Effects of calcium channel blockers on systemic hemodynamics in hypertension

Franz H. Messerli, Shmuel Oren, Ehud Grossman

Research output: Contribution to journalArticlepeer-review

17 Scopus citations


Increased total peripheral resistance is the hemodynamic abnormality that characterizes established essential hypertension. Therefore, an antihypertensive agent should reduce arterial pressure by decreasing total peripheral resistance while maintaining systemic flow as well as flow to the target organs of hypertensive disease: the brain, heart, and kidney. Drugs that reduce total peripheral resistance have been used for many years. However, their stimulation of renal and humoral responses counteracts the antihypertensive effect and thereby limits their efficacy. Thus, when total peripheral resistance is reduced, the sympathetic nervous system and the renin-angiotensin system are activated. Increases in myocardial contractility, sympathetic tone, and angiotensin-mediated vasoconstriction; sodium and fluid retention; and tachycardia may result, thereby blunting the drug-induced decrease in arterial pressure and producing so-called "pseudoresistance" to the antihypertensive regimen. Most calcium channel blockers appear to differ from other vasodilators because neither the renin-angiotensin system nor the sympathetic nervous system is stimulated during long-term treatment. Moreover, in patients with left ventricular hypertrophy, certain calcium channel blockers allow left ventricular hypertrophy to regress.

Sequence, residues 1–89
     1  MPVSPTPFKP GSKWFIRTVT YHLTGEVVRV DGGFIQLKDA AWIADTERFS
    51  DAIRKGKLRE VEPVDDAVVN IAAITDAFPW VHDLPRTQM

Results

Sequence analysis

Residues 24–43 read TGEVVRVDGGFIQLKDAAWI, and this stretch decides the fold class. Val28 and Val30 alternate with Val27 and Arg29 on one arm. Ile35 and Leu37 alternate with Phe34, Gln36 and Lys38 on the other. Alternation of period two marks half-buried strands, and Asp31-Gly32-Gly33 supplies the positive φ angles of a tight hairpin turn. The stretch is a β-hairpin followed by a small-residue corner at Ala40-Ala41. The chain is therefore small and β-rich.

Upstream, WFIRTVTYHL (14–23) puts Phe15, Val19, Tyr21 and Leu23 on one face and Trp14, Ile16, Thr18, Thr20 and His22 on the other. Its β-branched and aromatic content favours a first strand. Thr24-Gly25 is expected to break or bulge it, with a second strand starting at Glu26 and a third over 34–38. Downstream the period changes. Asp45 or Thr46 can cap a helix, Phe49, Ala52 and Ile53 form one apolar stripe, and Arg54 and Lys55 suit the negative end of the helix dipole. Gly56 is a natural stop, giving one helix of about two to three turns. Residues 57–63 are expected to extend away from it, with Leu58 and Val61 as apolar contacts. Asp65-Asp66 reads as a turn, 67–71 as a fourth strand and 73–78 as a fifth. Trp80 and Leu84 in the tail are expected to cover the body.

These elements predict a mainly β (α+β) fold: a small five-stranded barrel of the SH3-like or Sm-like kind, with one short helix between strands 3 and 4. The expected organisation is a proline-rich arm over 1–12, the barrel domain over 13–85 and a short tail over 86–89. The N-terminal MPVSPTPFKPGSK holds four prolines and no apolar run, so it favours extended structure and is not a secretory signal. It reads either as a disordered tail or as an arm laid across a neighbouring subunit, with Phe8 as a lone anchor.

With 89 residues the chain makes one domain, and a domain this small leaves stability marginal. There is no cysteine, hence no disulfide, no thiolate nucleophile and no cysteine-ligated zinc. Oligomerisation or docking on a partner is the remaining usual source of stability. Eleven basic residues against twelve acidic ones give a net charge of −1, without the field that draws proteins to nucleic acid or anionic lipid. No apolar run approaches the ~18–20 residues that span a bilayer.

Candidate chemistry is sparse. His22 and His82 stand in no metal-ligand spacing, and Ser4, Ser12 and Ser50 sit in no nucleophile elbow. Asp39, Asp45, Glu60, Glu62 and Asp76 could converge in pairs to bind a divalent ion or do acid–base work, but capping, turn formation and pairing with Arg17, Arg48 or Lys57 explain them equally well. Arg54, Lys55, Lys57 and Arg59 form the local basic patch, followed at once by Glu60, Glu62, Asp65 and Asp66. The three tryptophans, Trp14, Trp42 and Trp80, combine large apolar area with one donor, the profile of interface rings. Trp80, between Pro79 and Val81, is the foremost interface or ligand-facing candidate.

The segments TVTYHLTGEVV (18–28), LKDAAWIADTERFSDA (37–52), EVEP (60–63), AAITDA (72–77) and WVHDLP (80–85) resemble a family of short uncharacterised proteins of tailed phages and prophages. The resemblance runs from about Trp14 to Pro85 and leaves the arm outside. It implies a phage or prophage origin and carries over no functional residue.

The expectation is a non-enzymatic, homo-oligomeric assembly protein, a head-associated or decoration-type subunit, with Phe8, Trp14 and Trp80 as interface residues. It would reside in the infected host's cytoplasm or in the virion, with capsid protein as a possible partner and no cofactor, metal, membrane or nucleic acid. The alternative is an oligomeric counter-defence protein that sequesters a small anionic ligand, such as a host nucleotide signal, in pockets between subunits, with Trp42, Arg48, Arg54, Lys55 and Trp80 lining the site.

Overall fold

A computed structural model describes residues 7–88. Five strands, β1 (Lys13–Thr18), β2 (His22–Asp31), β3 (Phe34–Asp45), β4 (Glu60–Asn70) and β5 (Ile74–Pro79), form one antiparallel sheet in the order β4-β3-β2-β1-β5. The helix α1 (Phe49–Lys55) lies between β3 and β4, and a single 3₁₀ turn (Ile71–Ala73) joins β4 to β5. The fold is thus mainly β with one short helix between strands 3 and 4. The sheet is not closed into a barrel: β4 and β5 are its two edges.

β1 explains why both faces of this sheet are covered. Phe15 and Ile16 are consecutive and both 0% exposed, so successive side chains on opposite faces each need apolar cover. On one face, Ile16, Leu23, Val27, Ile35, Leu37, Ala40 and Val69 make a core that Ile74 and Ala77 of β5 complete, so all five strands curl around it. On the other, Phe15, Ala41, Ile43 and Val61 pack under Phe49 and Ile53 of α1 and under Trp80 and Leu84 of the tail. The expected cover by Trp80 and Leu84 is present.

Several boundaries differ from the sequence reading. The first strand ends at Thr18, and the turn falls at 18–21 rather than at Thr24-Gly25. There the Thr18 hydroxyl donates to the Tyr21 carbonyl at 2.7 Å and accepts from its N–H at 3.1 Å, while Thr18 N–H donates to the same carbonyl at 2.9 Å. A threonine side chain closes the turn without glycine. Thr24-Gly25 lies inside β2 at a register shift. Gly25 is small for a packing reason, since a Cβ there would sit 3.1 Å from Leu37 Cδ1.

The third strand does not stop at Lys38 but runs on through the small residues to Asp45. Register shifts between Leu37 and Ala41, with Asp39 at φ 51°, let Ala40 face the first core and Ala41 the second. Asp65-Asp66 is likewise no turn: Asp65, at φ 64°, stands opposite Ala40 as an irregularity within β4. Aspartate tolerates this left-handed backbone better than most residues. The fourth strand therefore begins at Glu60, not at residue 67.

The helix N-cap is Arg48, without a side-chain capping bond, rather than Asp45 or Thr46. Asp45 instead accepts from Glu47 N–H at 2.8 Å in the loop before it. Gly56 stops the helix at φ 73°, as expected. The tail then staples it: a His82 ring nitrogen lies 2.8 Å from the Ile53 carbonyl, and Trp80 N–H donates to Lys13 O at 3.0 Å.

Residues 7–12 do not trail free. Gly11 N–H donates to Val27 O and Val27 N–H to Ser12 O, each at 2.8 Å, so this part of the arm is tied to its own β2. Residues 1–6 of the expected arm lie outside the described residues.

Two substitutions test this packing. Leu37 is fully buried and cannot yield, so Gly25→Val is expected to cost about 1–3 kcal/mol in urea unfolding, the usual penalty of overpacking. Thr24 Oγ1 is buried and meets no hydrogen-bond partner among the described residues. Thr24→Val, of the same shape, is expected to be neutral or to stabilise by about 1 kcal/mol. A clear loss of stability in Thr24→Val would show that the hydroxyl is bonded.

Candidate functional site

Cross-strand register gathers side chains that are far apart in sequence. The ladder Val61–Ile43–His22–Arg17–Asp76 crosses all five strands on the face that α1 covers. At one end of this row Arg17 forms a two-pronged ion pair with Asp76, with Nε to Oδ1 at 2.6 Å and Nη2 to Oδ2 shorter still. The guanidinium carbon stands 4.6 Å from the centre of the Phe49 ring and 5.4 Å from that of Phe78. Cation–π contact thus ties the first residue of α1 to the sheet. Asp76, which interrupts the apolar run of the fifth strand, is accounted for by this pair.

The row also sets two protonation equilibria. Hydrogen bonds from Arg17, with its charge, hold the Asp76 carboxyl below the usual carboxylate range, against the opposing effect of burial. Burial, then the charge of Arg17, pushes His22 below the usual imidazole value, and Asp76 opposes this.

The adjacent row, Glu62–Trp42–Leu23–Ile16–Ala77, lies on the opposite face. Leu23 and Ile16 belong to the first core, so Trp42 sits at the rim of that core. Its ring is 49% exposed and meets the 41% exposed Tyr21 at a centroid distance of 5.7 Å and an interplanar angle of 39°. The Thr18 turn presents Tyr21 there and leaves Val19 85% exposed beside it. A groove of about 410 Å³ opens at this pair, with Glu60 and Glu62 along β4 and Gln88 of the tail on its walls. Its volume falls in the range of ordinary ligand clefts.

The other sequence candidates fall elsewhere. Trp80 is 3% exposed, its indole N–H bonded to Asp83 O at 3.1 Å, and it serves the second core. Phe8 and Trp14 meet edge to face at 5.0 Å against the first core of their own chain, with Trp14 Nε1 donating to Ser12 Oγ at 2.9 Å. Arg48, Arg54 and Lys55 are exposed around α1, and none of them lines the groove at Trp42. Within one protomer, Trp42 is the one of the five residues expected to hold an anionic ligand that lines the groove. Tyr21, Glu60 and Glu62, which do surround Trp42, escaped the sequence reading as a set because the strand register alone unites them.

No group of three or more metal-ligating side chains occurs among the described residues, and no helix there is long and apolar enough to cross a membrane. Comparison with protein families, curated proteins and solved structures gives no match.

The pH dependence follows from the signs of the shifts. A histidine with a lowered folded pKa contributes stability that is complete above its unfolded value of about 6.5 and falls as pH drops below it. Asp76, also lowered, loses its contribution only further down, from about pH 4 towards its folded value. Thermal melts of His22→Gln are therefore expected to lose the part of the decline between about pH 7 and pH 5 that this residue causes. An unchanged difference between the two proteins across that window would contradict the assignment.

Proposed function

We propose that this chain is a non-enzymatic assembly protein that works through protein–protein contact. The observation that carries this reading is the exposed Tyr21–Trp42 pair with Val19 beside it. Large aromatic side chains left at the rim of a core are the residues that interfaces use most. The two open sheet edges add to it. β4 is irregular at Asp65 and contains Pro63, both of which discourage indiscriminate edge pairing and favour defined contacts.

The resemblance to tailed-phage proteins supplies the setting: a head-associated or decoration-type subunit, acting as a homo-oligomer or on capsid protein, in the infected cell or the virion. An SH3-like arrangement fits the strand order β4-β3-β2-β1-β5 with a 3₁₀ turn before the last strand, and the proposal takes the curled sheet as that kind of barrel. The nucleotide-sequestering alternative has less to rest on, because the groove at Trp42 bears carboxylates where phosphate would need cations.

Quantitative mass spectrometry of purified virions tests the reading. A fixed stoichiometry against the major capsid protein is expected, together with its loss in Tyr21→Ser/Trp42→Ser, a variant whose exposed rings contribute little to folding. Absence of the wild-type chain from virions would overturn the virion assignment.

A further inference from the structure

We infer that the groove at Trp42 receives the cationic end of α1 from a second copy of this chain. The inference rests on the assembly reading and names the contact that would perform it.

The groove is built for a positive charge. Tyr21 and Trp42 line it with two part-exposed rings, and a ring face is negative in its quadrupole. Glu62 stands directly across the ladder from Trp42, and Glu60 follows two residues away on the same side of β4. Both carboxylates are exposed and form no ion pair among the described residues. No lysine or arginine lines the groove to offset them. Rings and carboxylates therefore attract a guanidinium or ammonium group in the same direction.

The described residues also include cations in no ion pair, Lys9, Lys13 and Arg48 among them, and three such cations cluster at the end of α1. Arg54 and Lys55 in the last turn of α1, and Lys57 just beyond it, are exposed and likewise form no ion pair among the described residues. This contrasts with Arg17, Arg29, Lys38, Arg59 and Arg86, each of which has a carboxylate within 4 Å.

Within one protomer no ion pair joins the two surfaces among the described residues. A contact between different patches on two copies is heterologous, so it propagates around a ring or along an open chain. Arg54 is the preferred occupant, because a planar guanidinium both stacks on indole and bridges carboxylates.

Original languageEnglish
Pages (from-to)8-12
Number of pages5
JournalAmerican Journal of Medicine
Issue number3 SUPPL. 2
StatePublished - 25 Mar 1988
Externally publishedYes

ASJC Scopus subject areas

  • General Medicine


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